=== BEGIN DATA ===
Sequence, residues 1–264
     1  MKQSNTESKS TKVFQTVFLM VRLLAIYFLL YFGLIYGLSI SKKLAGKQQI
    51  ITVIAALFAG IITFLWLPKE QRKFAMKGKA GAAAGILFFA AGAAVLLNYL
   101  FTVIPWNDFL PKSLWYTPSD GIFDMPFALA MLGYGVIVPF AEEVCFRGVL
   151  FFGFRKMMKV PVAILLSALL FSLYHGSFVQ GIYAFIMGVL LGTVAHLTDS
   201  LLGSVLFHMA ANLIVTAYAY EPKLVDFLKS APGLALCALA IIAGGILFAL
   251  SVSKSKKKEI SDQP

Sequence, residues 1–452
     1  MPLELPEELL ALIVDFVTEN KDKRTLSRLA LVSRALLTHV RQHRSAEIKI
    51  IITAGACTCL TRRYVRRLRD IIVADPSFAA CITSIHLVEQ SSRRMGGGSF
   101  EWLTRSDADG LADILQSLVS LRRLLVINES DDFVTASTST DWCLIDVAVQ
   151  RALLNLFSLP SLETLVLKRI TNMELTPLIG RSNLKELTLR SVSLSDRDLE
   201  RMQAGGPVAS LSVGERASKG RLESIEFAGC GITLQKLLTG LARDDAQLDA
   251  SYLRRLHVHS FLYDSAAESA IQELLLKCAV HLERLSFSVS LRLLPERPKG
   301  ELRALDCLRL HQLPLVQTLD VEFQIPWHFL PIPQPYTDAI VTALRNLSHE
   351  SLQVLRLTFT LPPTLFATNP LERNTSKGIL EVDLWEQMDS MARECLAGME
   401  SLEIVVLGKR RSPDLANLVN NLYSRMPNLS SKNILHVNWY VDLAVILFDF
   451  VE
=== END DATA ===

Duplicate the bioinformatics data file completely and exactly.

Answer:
Sequence, residues 1–264
     1  MKQSNTESKS TKVFQTVFLM VRLLAIYFLL YFGLIYGLSI SKKLAGKQQI
    51  ITVIAALFAG IITFLWLPKE QRKFAMKGKA GAAAGILFFA AGAAVLLNYL
   101  FTVIPWNDFL PKSLWYTPSD GIFDMPFALA MLGYGVIVPF AEEVCFRGVL
   151  FFGFRKMMKV PVAILLSALL FSLYHGSFVQ GIYAFIMGVL LGTVAHLTDS
   201  LLGSVLFHMA ANLIVTAYAY EPKLVDFLKS APGLALCALA IIAGGILFAL
   251  SVSKSKKKEI SDQP

Sequence, residues 1–452
     1  MPLELPEELL ALIVDFVTEN KDKRTLSRLA LVSRALLTHV RQHRSAEIKI
    51  IITAGACTCL TRRYVRRLRD IIVADPSFAA CITSIHLVEQ SSRRMGGGSF
   101  EWLTRSDADG LADILQSLVS LRRLLVINES DDFVTASTST DWCLIDVAVQ
   151  RALLNLFSLP SLETLVLKRI TNMELTPLIG RSNLKELTLR SVSLSDRDLE
   201  RMQAGGPVAS LSVGERASKG RLESIEFAGC GITLQKLLTG LARDDAQLDA
   251  SYLRRLHVHS FLYDSAAESA IQELLLKCAV HLERLSFSVS LRLLPERPKG
   301  ELRALDCLRL HQLPLVQTLD VEFQIPWHFL PIPQPYTDAI VTALRNLSHE
   351  SLQVLRLTFT LPPTLFATNP LERNTSKGIL EVDLWEQMDS MARECLAGME
   401  SLEIVVLGKR RSPDLANLVN NLYSRMPNLS SKNILHVNWY VDLAVILFDF
   451  VE